The large platform, MSB/MLB Evo, had four product reveals. The first was the new Panamera revealed at Geneva 2017, but this was followed by Audi A8 (D5), Bentley Continental GT Coupe III and the Porsche Cayenne. The Panamera and A8 have started production in 2017, whilst the other vehicles will go on sale in 2018. A key aspect is the body architecture available in a variety of metal combinations, and those combinations are optimised for each brand. The layout is identical, but the details of material selection and thus joining remains model specific. The latter three products had a combination of virtual and dedicated launches through the summer, so this was the first time they had been shown in public.
In each case the drivelines, electric/electronic architecture and key aspects of the body structure are shared across the respective platforms. VWG is not the first to do this – that credit goes to Fiat way back in the late 1960s – but the process sets the scene for the next revolution. Audi A8 (D5) for example has a 48V electric system as standard on all models, which is a full 18 years late, but the first car to do so. Others will follow, and rapidly, thanks to the push to reduce real world emissions form internal combustion engines. Similarly, this logic applies to almost every single aspect of vehicle construction.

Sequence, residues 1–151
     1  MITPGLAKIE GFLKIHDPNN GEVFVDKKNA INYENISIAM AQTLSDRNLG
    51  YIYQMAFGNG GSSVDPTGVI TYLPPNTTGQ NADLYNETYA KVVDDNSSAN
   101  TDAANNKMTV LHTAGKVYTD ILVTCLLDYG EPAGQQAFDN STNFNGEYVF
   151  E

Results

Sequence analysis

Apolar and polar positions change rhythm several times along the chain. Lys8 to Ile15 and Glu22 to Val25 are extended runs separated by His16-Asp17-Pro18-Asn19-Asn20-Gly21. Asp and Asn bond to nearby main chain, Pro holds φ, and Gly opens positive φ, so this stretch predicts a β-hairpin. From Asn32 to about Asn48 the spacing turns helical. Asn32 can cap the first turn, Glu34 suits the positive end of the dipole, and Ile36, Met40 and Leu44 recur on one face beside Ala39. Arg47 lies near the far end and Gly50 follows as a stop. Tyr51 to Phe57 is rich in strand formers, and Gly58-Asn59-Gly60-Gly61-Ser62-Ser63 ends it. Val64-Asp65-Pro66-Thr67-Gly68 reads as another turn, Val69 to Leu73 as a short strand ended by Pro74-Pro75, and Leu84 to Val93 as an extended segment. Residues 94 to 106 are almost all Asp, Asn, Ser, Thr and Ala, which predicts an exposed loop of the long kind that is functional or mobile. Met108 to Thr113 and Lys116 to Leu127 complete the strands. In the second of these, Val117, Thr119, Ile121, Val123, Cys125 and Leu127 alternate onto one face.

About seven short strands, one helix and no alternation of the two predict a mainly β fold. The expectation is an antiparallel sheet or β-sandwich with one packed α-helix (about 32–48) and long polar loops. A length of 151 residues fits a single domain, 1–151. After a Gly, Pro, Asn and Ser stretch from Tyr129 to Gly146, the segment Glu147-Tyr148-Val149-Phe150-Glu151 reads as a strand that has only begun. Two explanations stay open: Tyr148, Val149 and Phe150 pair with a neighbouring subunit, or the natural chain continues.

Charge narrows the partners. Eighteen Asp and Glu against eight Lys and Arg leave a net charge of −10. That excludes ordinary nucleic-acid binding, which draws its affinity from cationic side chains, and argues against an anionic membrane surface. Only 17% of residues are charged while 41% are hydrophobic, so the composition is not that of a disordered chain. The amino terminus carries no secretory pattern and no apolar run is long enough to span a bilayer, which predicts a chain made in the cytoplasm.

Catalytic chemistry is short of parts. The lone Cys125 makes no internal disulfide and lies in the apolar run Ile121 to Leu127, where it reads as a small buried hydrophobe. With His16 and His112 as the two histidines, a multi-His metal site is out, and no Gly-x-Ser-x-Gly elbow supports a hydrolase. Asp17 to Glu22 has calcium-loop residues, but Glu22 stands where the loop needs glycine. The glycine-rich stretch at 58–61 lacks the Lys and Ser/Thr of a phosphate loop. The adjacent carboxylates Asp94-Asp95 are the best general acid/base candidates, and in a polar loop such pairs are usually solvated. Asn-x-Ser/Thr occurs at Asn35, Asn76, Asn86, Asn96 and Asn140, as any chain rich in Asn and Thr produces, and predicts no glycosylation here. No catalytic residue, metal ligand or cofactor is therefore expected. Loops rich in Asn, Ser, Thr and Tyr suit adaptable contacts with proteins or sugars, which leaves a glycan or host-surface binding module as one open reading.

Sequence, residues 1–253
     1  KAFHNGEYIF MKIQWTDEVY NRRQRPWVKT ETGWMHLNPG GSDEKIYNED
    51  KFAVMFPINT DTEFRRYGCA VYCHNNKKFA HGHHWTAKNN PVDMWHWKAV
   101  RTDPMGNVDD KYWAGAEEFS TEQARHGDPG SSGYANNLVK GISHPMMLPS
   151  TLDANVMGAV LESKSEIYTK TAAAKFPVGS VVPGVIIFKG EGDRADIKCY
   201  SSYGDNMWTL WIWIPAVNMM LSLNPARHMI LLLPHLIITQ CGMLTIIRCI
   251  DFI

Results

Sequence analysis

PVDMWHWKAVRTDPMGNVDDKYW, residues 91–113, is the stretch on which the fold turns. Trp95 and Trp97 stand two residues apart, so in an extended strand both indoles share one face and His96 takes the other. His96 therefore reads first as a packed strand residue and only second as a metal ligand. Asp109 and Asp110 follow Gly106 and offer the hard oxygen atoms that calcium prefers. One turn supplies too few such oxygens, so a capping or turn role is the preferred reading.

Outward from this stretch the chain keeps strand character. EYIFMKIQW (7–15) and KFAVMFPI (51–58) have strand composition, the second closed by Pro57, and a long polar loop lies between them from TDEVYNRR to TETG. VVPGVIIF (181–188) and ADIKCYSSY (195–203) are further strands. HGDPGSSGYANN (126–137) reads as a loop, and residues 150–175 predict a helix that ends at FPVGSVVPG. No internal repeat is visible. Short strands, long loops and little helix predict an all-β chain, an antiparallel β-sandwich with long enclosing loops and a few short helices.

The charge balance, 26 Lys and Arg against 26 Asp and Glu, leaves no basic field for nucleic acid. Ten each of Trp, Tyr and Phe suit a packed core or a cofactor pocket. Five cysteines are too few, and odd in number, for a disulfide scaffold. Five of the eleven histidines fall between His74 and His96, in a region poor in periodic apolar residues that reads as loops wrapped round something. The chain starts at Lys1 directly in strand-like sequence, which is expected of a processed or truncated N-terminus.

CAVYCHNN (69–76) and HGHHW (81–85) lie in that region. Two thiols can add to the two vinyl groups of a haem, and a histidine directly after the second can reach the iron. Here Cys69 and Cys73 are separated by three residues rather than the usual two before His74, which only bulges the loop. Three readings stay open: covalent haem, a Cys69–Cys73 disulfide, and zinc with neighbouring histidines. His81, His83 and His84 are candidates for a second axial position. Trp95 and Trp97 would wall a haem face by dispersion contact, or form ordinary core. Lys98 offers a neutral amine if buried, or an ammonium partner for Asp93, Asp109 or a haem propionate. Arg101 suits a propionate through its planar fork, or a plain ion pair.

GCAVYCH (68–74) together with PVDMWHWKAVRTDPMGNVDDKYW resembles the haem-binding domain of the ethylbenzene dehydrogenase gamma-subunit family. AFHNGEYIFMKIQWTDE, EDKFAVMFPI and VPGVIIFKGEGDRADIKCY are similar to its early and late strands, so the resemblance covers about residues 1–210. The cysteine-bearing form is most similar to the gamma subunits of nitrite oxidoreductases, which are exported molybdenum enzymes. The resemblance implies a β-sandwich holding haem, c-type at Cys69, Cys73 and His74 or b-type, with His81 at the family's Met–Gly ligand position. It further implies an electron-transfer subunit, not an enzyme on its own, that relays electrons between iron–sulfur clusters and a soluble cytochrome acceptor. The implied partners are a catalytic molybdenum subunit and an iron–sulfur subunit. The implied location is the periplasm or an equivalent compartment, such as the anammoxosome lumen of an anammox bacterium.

Know the pattern, and understand the potential efficiency savings for repair in terms of equipment investment as well as training.
There were many new vehicle launches, but the majority were derivatives of existing vehicles or kite-flying with concepts to keep interest in the brands alive because there was nothing new. Nothing new. That really was the mantra of the show.
The automotive industry had a chance to use what motor shows are good at – presenting lots of news in a very concentrated burst – by uniting. They didn’t. Instead they chose to kick tyres on the used car lot in the hope they could shift metal. This is a dis-service to the public and to the huge number of talented people who work for or with the OEMs.
The automotive industry needs to prepare for either a major change of business model or face extinction. Wearing expensive yet casual clothes whilst putting the corporate head in the sand is not an option.